Lockwood uses the nine months she and her husband live with her parents as the springboard to examine her extraordinary upbringing by two very eccentric individuals.
Father Greg Lockwood is unlike any Catholic priest you have ever met—a man who lounges in boxer shorts, loves action movies, and whose constant jamming on the guitar reverberates "like a whole band dying in a plane crash in 1972." His daughter is an irreverent poet who long ago left the Church's country. When an unexpected crisis leads her and her husband to move back into her parents' rectory, their two worlds collide.
In Priestdaddy, Lockwood interweaves emblematic moments from her childhood—from an ill-fated family hunting trip and an abortion clinic sit-in where her father was arrested to her involvement in a cultlike Catholic youth group&mdashwith scenes that chronicle the eight-month adventure she and her husband had in her parents' household after a decade of living on their own. Lockwood details her education of a seminarian who is also living at the rectory, tries to explain Catholicism to her husband, who is mystified by its bloodthirstiness and arcane laws, and encounters a mysterious substance on a hotel bed with her mother.
Lockwood pivots from the raunchy to the sublime, from the comic to the deeply serious, exploring issues of belief, belonging, and personhood. Priestdaddy is an entertaining, unforgettable portrait of a deeply odd religious upbringing, and how one balances a hard-won identity with the weight of family and tradition.
From chapter one:
"Before they allowed your father to be a priest," my mother tells me, "they made me take the Psychopath Test. You know, a priest can't have a psychopath wife, it would bring disgrace."
She sets a brimming teacup in front of me and yells, "HOT!" She sets a second one in front of my husband, Jason, and yells, "Don't touch it!" She situates herself in the chair at the head of the table and gazes at the two of us with total maternal happiness, ready to tell the story of the time someone dared to question her mental health.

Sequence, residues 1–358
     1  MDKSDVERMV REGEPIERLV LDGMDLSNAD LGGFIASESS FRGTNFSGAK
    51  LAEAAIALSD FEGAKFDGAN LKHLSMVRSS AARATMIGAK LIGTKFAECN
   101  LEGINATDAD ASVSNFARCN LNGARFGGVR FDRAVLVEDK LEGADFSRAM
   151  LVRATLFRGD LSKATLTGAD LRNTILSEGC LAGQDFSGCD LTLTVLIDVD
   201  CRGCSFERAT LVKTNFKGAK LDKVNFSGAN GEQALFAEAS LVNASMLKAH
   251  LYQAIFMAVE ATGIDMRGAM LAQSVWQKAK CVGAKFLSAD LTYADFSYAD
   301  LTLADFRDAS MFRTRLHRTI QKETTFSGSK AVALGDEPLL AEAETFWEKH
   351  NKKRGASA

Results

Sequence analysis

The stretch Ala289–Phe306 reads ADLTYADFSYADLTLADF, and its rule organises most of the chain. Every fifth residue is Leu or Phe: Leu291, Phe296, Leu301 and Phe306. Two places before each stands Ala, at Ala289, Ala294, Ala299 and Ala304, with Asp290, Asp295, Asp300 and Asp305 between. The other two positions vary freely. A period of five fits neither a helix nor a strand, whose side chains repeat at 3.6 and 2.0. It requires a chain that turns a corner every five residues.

We are congregating in the dining room of my father's rectory in Kansas City, where I have returned to live with my parents after twelve long years away. Jason presses his shoulder against mine for reassurance and tries to avoid making eye contact with the graphic crucifix on the opposite wall, whose nouns are like a poem's nouns: blood, bone, skin. We are penniless and we are exhausted and in the grand human tradition, we have thrown ourselves at the mercy of the church, which exists for me on this earth in an unusually patriarchal form. It walks, it cusses, it calls me Bit. It is currently shredding its guitar upstairs, across the hallway from the room where we will be staying for the foreseeable future. Through the east window I can see the same dark geometry of buildings that surrounded me all throughout my childhood: closed school, locked gymnasium, the squares and spires of a place of worship plummeting up into the night.
Why I love it
Patricia Lockwood is the daughter of a Catholic priest'”and that is actually the blandest fact about her. She is one in a million, a fresh and honest and hilarious observer of life. And Father Lockwood is one in a million as well'”a priest who takes the Lord seriously, even though he’s most comfortable when half nude and jamming on his electric guitar in the living room.